cover image The Death of Captain Cook: A Hero Made and Unmade

The Death of Captain Cook: A Hero Made and Unmade

Glyn Williams. Harvard University Press, $19.95 (197pp) ISBN 978-0-674-03194-4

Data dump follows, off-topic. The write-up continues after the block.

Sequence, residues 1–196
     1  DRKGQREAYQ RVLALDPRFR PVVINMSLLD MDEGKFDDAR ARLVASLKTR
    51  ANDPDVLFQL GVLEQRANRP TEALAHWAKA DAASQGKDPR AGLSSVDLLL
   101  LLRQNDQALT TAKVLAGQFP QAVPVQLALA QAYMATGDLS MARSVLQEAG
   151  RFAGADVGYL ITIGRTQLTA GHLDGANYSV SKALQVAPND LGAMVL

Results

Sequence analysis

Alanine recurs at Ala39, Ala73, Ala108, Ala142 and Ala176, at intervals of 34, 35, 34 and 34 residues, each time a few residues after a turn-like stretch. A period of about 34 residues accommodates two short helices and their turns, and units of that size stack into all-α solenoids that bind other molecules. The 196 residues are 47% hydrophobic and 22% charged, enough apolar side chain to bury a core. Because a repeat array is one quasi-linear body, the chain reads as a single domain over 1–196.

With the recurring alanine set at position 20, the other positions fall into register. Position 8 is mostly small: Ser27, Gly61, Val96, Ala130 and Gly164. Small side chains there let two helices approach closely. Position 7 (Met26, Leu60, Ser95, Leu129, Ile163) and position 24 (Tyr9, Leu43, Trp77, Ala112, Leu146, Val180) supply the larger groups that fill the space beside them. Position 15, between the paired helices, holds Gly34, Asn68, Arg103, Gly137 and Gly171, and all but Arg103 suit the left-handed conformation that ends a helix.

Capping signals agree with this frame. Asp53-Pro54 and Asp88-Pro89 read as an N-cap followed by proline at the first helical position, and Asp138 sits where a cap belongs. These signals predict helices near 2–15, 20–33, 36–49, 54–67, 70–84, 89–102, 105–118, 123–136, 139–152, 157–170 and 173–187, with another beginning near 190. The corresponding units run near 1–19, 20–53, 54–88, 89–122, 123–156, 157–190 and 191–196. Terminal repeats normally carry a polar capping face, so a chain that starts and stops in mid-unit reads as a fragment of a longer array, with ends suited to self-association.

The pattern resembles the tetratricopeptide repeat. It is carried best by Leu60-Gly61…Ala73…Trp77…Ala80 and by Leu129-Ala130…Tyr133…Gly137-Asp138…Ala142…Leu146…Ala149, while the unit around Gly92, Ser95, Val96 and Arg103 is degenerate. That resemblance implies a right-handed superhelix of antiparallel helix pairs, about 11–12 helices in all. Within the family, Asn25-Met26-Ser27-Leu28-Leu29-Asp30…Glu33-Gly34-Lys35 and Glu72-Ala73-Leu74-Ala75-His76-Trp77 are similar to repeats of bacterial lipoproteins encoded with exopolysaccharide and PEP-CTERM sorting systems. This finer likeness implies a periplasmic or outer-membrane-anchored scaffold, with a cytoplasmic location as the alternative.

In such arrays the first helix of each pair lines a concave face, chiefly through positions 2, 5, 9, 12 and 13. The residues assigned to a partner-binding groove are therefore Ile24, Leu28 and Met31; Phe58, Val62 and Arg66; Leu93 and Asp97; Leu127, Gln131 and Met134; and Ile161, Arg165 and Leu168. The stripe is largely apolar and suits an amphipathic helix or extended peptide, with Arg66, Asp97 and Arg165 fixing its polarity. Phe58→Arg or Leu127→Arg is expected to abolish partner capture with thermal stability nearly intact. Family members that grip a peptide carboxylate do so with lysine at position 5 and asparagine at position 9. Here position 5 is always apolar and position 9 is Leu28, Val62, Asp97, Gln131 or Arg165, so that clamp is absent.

When it happened, the death of Captain Cook captivated the European imagination: murdered on a beach by Hawaiian natives, the popular story at the time was that he died defending himself form an unprovoked attack. In this stilted history, professor Williams (of Queen Mary University, London) seeks to prove, through primary sources and centuries of scholarship, that Cook probably instigated the attack, and that the circumstances surrounding his death were sanitized to serve a pro-colonialist agenda. Though likely to catch the interest of colonial history buffs, Williams reiterates the same limited set of points, suggesting that had it received a proper edit, she wouldn't have enough material for more than an academic paper (an intriguing look at the changing perceptions of Cook through the post-colonial era reads almost as an afterthought). It doesn't help that, considering Cook's importance as a symbol of colonialism, Williams's main point-that Cook's death has been manipulated to serve many political purposes-is somewhat self-evident.